In this article I am going to show you a couple of arm exercises for running, and perhaps more specifically, shoulder exercises for runners since that’s where most of the upper extremity strength and power comes from.
But first, I want to explain to you why it’s important to do these arm exercises because if you know how they will help with your running, then you are more likely to follow through and do them. So, let’s begin.
Most people understand, on some superficial level, that the arms and shoulders are necessary for more efficient and faster running. And, some may also understand they are important for walking and jogging, too. However, I haven’t found anyone that really knows what their true purpose is.
You, yourself, may have heard something to the effect that, “the arms swing as a reaction to the movement of the legs”, or, “the arms work with the legs to keep everything in balance”. You may even have heard that “the faster you pump your arms the faster you will be able to run”.
But, while there is some truth to all of these statements, they don’t even begin to describe the complex role your arms have in running and how that benefits you as an athlete, or, fitness enthusiast.
So, the first thing I want you to understand is that both arms/shoulders only work with one leg at a time, not both, and that is they work with the leg that is contact with the ground. This has to do with how they work together to twist the upper body when you move about and produce something known as a rotational force, or, torque around your mid-line, or, spinal column.
The good news is that there are really only two directions of rotation, or patterns, in which the arms will attempt to twist the upper body, those are clockwise and counterclockwise.
For example, when the left arm is out in front of you and the right arm is in back, both arms will then attempt to twist the upper body in a clockwise (CW) direction as shown in Figure 1a. Similarly, when the right arm is out in front of you and the left arm is in back, both arms will then attempt to twist the upper body in a counterclockwise (CCW) direction as shown in Figure 1b.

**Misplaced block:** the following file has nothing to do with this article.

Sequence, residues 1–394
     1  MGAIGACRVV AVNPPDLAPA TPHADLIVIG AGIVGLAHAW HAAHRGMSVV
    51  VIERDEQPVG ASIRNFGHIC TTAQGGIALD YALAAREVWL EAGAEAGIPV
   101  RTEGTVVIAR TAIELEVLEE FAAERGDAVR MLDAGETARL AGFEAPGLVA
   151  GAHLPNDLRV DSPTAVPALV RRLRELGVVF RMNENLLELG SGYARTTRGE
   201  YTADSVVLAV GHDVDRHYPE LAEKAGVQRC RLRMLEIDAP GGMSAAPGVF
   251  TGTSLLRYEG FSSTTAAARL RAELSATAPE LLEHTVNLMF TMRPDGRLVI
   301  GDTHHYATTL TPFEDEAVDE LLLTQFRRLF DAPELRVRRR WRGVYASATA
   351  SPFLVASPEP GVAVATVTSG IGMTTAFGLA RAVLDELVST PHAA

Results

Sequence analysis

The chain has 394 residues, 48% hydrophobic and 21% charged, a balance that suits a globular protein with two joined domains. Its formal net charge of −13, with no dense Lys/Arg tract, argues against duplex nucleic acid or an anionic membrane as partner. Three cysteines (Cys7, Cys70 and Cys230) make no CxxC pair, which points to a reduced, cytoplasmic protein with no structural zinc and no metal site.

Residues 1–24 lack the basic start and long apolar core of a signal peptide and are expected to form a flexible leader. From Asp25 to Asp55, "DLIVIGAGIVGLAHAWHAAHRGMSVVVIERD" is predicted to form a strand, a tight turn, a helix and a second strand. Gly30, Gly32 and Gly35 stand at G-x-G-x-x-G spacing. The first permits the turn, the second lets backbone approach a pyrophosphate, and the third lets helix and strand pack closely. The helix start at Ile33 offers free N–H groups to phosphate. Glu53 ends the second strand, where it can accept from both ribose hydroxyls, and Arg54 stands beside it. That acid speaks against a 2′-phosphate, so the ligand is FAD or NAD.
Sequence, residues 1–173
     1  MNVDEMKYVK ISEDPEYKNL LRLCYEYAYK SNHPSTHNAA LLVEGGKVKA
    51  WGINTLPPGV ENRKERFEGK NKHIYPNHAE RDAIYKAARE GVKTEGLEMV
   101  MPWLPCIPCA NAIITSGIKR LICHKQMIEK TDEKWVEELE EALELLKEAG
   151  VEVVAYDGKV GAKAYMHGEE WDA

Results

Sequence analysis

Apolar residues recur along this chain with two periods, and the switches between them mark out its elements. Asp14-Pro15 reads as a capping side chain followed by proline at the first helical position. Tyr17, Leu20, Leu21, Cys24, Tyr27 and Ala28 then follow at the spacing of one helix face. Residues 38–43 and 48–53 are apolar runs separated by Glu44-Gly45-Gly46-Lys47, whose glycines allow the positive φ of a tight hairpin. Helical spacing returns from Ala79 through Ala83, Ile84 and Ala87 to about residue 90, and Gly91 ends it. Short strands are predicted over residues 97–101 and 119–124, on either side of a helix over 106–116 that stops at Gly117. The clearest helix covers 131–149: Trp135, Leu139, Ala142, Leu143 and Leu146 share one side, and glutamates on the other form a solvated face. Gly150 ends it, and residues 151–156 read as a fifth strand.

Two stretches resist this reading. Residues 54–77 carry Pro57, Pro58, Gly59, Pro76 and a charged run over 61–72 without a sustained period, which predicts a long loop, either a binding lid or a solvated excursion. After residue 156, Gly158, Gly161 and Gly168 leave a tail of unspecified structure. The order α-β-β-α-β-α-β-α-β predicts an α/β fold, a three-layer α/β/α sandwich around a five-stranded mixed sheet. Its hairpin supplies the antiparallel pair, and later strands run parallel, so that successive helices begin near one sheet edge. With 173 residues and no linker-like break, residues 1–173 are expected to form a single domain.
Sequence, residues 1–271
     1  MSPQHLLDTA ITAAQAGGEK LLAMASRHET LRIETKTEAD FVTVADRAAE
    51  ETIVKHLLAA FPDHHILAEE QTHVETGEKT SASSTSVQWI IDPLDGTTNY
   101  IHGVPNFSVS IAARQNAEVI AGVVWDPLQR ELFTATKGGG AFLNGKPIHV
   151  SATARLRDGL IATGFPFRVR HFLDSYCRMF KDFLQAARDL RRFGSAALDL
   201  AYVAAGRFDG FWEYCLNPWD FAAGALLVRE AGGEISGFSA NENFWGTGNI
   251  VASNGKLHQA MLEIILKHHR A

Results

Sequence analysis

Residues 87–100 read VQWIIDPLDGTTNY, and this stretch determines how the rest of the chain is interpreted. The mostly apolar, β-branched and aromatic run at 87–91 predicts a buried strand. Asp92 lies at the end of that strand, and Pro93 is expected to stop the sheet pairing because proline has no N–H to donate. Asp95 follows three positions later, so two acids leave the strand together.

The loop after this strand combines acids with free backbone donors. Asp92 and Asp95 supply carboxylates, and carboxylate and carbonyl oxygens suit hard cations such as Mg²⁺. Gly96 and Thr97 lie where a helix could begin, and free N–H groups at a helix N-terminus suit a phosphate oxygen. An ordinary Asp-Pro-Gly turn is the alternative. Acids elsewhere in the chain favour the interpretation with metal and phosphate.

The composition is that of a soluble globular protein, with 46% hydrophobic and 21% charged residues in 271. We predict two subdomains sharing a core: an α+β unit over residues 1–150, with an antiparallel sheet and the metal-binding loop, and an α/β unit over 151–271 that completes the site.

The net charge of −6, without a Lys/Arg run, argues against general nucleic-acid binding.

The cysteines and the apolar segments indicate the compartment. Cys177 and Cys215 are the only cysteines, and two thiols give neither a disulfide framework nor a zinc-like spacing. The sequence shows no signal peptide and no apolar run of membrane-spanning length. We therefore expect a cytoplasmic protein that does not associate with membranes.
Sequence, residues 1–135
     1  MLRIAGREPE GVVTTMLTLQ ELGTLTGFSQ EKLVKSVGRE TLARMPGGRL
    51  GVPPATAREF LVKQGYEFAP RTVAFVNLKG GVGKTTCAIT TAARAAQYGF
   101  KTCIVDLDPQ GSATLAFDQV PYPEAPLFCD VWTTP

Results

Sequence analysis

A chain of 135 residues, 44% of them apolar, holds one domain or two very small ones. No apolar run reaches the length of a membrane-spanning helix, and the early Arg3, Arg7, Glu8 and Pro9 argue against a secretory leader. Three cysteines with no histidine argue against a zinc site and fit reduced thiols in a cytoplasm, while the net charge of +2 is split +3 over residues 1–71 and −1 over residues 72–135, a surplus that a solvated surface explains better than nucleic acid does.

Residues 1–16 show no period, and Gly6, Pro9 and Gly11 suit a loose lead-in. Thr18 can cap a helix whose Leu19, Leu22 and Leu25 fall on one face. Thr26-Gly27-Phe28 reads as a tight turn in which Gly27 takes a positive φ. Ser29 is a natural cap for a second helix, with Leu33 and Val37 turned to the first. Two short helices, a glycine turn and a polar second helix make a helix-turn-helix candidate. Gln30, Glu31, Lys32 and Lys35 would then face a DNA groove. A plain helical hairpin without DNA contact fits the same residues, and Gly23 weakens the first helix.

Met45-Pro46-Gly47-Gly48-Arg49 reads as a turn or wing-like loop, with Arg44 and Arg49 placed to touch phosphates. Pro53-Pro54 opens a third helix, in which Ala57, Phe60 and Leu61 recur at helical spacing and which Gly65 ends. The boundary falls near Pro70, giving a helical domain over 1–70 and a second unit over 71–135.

Figure 1A and 1B.
Looking more carefully at Figure 1a, we see that the arms are working with the left leg and all are attempting to rotate the body in a CW direction. And, in Figure 1b, we see that the arms are working with the right leg, and all are attempting to rotate the body in a CCW direction.
The leg that is off the ground, that being the right leg in Figure 1a, works in opposition to the rest of the body, i.e., it is providing rotation in the CCW direction.
In Figure 1b, the leg that is off the ground, that being the left, works in opposition to the rest of the body, i.e., it is providing rotation in the CW direction. This is how you stay in balance when you run, walk, or jog. Without rotational forces produced by the arms, you won’t be as fast as you can be nor will you be able to run as long as you would like.
If this concept of rotation in the human body is new for you, which I am quite certain it is, don’t be alarmed. This is because this “mystery” has alluded even the sharpest minds in human movement throughout all of time, too. And, if you would like this explained in even more detail you can read and watch my series on it, titled The Ultimate Running Speed Equation.